The more we learn about the IRS allegedly targeting Tea Party organizations for political purposes, the more it appears to be a thinly disguised scam by conservatives to whip up phony scandals in order to tarnish President Obama and his administration.
Never mind the fact that every named IRS employee connected to the alleged targeting just happens to be a Republican, today, Mother Jones Magazine has done the journalistic legwork of examining the pending lawsuits filed by the various Tea Party groups and has found that they are mostly frauds with little chance of success in the courtroom. The Mother Jones article goes into detail about why these cases are unlikely to prevail, but one of the key revelations sheds light on how suspect their motives really are.
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The most high profile of the cases is the one brought by uber-rightist legal publicity hound Jay Sekulow of the American Center for Law and Justice. He has assembled 25 Tea Party groups into an action seeking both administrative and financial relief. The problem is that he is suing under a provision that addresses cases where applicants were seeking tax-exempt status for donations (501c3), but whose applications were denied or delayed. However, 23 of the 25 plaintiffs were not seeking tax-exempt status at all. They were merely applying for non-profit status (501c4). Therefore, the delays (there were no denials) would not have harmed the organizations fundraising ability because they were never structured to give donors a tax break.
That is a significant discovery because these hoaxters have been whining for weeks that their efforts to raise money were hampered by the IRS actions. As it turns out, there was nothing stopping them raising funds other than the fact that most Americans were repulsed by their extremist, right-wing agenda.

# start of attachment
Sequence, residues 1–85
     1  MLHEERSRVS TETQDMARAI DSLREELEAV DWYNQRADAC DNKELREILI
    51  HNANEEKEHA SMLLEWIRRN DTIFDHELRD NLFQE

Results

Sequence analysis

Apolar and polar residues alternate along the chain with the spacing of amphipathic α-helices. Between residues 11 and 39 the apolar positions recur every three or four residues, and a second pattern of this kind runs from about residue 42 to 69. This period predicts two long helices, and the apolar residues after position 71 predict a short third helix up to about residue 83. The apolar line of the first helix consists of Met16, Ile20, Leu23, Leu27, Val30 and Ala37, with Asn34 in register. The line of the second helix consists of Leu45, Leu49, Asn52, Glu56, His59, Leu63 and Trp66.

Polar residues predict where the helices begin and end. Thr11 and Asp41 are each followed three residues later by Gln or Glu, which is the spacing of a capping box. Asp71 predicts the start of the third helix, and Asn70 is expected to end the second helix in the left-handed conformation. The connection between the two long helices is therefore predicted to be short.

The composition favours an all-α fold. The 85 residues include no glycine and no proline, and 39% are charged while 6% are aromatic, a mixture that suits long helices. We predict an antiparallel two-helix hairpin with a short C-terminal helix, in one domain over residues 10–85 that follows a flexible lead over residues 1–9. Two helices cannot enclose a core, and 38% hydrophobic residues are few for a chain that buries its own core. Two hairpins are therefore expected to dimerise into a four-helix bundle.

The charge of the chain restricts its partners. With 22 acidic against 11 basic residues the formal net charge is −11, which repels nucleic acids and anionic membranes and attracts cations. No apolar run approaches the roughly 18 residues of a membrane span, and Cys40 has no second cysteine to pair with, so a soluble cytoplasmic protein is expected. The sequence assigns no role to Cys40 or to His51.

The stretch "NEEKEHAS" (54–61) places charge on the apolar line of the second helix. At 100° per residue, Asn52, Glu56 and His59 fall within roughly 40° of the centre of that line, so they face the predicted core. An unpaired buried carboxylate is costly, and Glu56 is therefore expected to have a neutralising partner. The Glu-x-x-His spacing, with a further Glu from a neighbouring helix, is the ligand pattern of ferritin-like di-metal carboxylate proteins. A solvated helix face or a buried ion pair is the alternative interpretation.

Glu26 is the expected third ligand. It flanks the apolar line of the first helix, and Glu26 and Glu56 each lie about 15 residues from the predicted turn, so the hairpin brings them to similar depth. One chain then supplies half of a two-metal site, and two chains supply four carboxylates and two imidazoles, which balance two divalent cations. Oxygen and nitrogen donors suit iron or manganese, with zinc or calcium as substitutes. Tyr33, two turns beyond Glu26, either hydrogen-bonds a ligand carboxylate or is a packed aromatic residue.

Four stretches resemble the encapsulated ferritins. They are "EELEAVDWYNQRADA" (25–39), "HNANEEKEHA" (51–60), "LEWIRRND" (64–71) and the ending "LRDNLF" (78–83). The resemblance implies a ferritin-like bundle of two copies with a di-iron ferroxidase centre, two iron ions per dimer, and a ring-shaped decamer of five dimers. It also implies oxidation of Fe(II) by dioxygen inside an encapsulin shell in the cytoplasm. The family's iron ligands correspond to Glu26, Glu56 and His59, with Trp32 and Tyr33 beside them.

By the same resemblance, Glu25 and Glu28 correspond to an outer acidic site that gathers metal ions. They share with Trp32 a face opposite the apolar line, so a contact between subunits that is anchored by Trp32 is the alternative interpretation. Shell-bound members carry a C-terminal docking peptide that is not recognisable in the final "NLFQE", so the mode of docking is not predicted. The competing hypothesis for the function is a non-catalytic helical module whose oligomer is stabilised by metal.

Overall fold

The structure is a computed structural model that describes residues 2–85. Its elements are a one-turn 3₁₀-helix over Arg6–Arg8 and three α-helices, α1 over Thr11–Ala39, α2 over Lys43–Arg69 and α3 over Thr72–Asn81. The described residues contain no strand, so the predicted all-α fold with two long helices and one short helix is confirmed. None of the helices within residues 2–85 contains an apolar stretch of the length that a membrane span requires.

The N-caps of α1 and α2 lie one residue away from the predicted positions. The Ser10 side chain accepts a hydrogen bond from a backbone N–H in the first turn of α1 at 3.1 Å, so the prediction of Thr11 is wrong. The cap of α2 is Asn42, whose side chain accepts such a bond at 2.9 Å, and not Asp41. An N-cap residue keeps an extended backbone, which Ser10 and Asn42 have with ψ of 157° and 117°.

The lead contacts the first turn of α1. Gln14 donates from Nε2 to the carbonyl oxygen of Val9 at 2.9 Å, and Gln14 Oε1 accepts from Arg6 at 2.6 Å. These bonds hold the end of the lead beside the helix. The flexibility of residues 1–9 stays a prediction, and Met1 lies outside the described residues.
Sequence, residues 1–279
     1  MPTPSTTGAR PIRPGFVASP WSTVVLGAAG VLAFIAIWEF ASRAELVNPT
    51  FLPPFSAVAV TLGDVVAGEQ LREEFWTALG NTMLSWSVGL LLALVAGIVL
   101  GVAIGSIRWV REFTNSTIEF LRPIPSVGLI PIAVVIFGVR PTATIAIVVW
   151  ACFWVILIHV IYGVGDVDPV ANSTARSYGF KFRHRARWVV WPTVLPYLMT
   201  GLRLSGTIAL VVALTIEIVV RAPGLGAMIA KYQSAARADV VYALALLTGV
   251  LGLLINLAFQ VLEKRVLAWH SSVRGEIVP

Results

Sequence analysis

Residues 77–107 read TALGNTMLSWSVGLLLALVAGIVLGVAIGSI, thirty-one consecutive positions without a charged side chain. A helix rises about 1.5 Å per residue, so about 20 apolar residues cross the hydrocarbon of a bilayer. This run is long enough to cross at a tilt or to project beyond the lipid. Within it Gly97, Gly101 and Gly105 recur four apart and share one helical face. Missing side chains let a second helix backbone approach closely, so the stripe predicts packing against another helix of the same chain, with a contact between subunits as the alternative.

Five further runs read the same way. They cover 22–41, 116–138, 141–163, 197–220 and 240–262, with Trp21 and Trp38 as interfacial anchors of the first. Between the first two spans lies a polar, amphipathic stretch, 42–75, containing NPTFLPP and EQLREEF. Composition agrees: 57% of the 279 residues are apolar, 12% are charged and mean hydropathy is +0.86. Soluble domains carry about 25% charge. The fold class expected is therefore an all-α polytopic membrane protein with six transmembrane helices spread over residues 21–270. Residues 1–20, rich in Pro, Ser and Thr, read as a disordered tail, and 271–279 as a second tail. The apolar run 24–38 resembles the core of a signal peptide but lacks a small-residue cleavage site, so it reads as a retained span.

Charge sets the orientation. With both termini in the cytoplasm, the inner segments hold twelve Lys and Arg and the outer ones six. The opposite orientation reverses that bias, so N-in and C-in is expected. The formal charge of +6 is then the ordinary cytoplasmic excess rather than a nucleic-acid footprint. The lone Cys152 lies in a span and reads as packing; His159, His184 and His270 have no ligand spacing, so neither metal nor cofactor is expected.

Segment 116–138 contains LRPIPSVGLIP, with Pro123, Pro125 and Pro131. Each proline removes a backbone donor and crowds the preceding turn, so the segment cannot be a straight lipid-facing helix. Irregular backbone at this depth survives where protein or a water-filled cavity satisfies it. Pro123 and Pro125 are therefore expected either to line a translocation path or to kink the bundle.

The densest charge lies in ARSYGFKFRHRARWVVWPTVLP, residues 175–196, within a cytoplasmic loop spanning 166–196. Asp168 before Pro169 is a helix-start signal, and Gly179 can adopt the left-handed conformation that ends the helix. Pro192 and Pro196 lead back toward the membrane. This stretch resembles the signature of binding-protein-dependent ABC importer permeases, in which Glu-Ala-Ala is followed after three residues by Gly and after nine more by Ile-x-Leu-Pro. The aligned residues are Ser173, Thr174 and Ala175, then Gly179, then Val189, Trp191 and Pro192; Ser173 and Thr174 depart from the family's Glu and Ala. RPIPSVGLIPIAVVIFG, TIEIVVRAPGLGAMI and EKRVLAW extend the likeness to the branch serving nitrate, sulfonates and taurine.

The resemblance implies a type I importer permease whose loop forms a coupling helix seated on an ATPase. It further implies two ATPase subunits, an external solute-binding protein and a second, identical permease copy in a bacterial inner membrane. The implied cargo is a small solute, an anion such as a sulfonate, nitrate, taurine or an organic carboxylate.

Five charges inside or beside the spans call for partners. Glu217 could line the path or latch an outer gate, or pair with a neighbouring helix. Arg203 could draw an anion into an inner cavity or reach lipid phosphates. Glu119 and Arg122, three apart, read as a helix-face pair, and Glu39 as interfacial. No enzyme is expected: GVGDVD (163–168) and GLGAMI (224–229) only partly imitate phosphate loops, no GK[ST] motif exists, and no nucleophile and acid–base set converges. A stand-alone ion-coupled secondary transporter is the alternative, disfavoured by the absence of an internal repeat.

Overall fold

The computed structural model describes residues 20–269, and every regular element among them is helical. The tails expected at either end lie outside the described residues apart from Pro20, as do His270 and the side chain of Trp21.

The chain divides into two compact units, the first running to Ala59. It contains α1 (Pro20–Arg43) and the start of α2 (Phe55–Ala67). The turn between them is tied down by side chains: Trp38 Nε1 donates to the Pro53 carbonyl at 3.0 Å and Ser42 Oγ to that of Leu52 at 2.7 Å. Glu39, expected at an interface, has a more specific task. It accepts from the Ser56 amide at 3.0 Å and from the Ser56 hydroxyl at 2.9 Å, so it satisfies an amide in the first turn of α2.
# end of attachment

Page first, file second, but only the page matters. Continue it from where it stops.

In addition, the complaints of the Teabaggers reveal that the IRS had good cause to subject them to extra scrutiny. They openly admit their belief that the IRS actions contributed to the electoral losses of Mitt Romney and other Republicans who may have won if these groups were not hamstrung by bureaucracy. But not only was there nothing preventing them from engaging in their work, their admissions show that they were, in fact, political operatives and not entitled to preferential tax treatment.
So once again, reality has encroached on the designs of the Tea Party to position themselves as “social welfare” organizations with no political motives. From the start they were deeply entangled with the Republican Party and their mission was always to advance GOP candidates and policies. And now we see that they are abusing the legal system for undeserved relief and for, of course, publicity. Expect these cases to be dismissed in short order, after which the Teabaggers will bellow some nonsense about the liberal courts denying them justice.